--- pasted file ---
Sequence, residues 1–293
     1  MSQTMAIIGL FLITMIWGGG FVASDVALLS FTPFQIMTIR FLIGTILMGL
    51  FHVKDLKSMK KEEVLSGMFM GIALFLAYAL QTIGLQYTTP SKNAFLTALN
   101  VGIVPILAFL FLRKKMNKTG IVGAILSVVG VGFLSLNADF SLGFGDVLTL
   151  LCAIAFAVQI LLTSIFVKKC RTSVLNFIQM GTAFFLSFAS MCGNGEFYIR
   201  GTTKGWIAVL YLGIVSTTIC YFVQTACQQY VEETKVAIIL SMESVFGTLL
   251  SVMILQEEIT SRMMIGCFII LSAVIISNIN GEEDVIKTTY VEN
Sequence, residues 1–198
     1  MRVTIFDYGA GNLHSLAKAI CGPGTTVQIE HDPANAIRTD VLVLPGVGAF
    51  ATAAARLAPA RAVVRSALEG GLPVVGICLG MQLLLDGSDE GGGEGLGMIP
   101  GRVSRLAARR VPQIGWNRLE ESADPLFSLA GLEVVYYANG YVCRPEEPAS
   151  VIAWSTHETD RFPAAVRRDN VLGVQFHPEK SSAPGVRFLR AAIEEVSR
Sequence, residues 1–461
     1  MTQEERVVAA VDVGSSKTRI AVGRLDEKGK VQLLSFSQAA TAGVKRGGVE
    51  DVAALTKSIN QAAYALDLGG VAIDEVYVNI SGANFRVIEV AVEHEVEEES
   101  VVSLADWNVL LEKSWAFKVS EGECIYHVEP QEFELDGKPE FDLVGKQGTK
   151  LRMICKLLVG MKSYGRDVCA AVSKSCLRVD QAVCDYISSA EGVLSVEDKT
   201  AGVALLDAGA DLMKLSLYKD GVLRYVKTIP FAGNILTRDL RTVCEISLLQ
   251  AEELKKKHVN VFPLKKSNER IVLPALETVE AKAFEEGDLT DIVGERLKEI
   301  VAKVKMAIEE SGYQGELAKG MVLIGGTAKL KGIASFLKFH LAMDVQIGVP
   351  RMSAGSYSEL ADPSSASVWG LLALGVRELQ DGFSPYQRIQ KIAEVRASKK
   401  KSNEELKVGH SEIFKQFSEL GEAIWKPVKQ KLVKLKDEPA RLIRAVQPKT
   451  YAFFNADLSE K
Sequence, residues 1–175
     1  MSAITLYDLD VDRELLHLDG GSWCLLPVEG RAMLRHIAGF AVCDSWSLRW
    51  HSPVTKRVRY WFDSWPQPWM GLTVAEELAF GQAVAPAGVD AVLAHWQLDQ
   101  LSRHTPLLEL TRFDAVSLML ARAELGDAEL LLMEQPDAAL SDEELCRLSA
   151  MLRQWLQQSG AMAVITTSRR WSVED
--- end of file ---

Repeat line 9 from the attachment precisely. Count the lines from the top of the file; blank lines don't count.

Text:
     1  MRVTIFDYGA GNLHSLAKAI CGPGTTVQIE HDPANAIRTD VLVLPGVGAF